Kidney function, endothelial activation and atherosclerosis in black and white Africans with rheumatoid arthritis
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AuthorDessein, Patrick H.; Hsu, Hon-Chun; Tsang, Linda; Millen, Aletta M.E.; Woodiwiss, Angela J.; Norton, Gavin R.; Solomon, Ahmed; González-Gay Mantecón, Miguel Ángel
To determine whether kidney function independently relates to endothelial activation and ultrasound determined carotid atherosclerosis in black and white Africans with rheumatoid arthritis (RA).
We calculated the Jelliffe, 5 Cockcroft-Gault equations, Salazar-Corcoran, Modification of Diet in Renal Disease (MDRD) and Chronic Kidney Disease Epidemiology Collaboration (CKD-EPI) estimated glomerular filtration rate (EGFR) equations in 233 (112 black) RA patients.
The CKD-EPI eGFR was <90 ml/min/1.73m2 in 49.1% and 30.6% of black and white patients, respectively (odds ratio (95% confidence interval) = 2.19 (1.28-3.75), p = 0.004). EGFRs were overall consistently associated with monocyte chemoattractant protein-1 and angiopoietin 2 concentrations in white patients, and with carotid intima-media thickness and plaque in black participants. Amongst black patients, plaque prevalence was 36.7% and the area under the curve (AUC) of the receiver operating characteristic (ROC) curve was not associated with plaque presence for the MDRD equation (p = 0.3), whereas the respective relationship was significant or borderline significant (p = 0.003 to 0.08) and of similar extent (p>0.1 for comparisons of AUC (SE)) for the other 8 equations. Based on optimal eGFR cutoff values with sensitivities and specificities ranging from 42 to 60% and 70 to 91% respectively, as determined in ROC curve analysis, a low eGFR increased the odds ratio for plaque 2.2 to 4.0 fold.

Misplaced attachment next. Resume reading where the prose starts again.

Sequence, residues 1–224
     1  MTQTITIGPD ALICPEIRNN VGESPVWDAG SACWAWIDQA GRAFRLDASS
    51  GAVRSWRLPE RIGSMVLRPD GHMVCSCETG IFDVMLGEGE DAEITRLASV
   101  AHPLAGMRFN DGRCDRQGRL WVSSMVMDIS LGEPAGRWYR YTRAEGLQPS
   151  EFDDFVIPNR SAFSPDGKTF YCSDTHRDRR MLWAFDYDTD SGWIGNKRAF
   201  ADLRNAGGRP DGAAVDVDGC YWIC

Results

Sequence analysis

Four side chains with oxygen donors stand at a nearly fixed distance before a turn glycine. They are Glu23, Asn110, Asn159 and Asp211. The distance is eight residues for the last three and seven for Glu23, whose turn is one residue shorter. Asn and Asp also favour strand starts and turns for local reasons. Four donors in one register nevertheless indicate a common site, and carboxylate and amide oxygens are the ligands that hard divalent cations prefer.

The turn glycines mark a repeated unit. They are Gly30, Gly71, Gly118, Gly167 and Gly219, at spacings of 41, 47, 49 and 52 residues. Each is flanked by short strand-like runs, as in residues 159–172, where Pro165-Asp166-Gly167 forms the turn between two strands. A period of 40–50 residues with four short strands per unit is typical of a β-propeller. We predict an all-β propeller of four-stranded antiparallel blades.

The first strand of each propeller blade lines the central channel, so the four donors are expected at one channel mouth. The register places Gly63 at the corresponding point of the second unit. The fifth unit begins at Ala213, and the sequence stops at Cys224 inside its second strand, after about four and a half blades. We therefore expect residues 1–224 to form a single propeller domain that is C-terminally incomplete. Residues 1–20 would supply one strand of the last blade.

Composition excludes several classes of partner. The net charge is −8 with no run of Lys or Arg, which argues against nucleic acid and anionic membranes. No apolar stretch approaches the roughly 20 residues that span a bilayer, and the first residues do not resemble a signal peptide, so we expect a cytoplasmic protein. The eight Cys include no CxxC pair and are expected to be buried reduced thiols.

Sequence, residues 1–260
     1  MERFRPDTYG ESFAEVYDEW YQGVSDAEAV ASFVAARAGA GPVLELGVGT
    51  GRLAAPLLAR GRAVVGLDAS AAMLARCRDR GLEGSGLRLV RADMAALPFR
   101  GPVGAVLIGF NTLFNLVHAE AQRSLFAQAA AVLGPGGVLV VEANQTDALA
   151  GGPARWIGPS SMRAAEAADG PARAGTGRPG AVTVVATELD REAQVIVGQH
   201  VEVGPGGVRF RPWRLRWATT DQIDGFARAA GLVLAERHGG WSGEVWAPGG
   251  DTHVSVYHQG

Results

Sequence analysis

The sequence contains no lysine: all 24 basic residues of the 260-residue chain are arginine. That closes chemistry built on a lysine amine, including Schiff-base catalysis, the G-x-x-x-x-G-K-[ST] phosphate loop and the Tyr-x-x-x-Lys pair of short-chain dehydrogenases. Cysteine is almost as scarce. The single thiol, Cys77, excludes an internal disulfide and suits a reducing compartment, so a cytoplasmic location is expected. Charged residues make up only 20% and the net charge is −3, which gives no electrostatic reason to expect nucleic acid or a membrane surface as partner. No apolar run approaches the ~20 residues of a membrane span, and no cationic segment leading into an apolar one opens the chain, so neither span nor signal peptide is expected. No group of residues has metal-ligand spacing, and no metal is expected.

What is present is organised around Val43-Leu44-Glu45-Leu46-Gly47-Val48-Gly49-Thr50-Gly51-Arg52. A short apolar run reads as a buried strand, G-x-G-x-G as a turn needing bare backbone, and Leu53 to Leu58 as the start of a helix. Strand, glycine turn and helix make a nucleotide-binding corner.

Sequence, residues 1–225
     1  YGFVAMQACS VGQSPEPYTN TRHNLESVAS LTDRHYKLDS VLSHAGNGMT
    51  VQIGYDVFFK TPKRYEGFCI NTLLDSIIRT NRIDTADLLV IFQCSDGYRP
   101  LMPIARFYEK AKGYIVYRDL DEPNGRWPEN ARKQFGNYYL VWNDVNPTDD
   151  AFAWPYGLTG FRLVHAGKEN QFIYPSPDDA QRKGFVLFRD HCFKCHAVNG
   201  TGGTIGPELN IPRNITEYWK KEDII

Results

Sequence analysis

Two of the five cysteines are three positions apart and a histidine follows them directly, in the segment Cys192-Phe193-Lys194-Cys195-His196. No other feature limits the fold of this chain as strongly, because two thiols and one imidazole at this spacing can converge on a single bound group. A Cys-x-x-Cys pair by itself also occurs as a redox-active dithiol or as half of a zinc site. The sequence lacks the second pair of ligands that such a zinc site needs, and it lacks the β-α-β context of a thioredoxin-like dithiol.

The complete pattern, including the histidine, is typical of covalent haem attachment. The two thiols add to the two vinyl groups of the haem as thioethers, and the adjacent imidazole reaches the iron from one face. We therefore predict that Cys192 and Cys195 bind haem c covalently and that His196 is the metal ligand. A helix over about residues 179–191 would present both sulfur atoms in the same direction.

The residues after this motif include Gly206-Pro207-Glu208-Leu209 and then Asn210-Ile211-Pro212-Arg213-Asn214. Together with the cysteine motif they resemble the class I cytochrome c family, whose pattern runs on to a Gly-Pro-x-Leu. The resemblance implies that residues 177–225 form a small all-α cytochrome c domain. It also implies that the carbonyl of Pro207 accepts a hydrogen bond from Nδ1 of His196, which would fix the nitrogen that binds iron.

Reduced kidney function is independently associated with atherosclerosis and endothelial activation in black and white Africans with RA, respectively. CKD is highly prevalent in black Africans with RA. Apart from the MDRD, eGFR equations are useful in predicting carotid plaque presence, a coronary heart disease equivalent, amongst black African RA patients.